M3 Junctions 2-4a: Smart Motorway
Part of our programme of improvements (value >10m)
We previously consulted on proposals to limit speeds to 60mph between 7am and 7pm seven days a week because of the potential effect of the new scheme on local air quality.
This option will not be taken forward and instead we are rigorously investigating alternatives while work progresses on the scheme in the next 12-18 months. The full consultation outcome report has been published on GOV.UK.
What is happening?
We propose to improve the M3 by making it a "smart motorway" between junctions 2 and 4a (13.4 miles / 21.6km). Smart motorways help relieve congestion by using technology to control traffic flows and assist in the management of incidents and providing information to road users. They deliver these benefits at a significantly lower cost than conventional motorway widening and with less impact on the environment during construction. This will be achieved by converting the existing hard shoulder to a permanent running lane. Find out more about Smart Motorways.
The project team are planning to hold public information exhibitions to provide further information on the design. Further details of these public information exhibitions will be provided on this website once available. We are aware of concerns being raised by residents living close to the project route regarding possible noise and visual intrusion issues. These concerns have been noted and are being considered as part of the project's ongoing development and design.
When and where is this happening?
In the November 2011 autumn statement, the Chancellor announced that the M3 junction’s 2-4a smart motorway (formerly known as managed motorway) scheme would be prepared for construction before 2015. The 2012 Budget confirmed the start of work for this scheme to be in financial year 2013/14, subject to the outcome of statutory processes. Since then, the Prime Minister announced that this scheme would be one of four schemes to be included in a pilot to significantly reduce the delivery time of road schemes.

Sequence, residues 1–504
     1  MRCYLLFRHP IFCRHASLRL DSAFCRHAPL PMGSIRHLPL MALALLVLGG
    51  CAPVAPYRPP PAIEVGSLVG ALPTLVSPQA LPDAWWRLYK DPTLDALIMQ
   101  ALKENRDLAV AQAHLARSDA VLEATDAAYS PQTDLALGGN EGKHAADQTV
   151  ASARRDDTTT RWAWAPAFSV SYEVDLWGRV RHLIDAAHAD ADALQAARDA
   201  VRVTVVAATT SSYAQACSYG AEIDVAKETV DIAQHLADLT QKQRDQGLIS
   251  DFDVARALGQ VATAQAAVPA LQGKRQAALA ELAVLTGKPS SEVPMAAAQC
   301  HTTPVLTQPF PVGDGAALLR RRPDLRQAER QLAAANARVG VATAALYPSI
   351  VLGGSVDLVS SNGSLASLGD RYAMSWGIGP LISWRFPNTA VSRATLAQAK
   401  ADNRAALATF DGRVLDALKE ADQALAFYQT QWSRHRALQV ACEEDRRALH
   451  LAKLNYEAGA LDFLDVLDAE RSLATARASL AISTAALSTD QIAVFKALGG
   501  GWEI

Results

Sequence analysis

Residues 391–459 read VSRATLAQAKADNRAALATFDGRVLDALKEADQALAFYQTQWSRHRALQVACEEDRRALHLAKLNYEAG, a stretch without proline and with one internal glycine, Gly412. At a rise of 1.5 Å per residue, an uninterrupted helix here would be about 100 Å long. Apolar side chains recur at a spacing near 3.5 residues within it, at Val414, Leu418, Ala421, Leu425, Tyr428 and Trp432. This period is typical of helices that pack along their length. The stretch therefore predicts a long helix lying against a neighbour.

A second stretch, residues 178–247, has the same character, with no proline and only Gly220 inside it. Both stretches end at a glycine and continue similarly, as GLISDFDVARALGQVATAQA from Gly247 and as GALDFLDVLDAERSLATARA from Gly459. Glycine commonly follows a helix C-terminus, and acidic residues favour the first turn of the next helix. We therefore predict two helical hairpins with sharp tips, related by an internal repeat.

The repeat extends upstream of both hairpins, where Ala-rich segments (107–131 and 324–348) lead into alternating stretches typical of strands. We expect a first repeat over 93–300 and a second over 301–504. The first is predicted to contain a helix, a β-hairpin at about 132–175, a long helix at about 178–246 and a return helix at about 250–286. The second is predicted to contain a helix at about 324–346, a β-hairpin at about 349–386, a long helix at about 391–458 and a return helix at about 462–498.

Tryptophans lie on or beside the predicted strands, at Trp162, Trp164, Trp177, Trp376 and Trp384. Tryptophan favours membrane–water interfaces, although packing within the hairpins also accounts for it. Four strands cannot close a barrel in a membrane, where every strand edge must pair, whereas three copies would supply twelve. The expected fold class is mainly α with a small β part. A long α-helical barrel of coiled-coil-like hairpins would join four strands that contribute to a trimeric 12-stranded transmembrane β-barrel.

We expect this scheme to commence construction by November 2014 and be open to traffic by autumn 2016.
Why is this happening and what will it cost?
The M3 between J2 and J4a experiences high traffic flows during both peak periods (am and pm) and has a higher than average accident rate.
The March 2008 ' Advanced motorway signalling and traffic management feasibility study' identified this motorway link as a priority for the provision of additional capacity and ministers agreed that smart motorways, as an alternative to widening, should be investigated.
The estimated cost of this scheme is in the range of £138 million and £198 million
How will the scheme be carried out?
Smart motorway schemes have been in operation for a few years on the strategic network e.g.M42 and the concept together with their benefits is better understood. Further improvements have been made to the original concept and these developments include permanently converting the hard should to a running lane and developing the design so that schemes will have: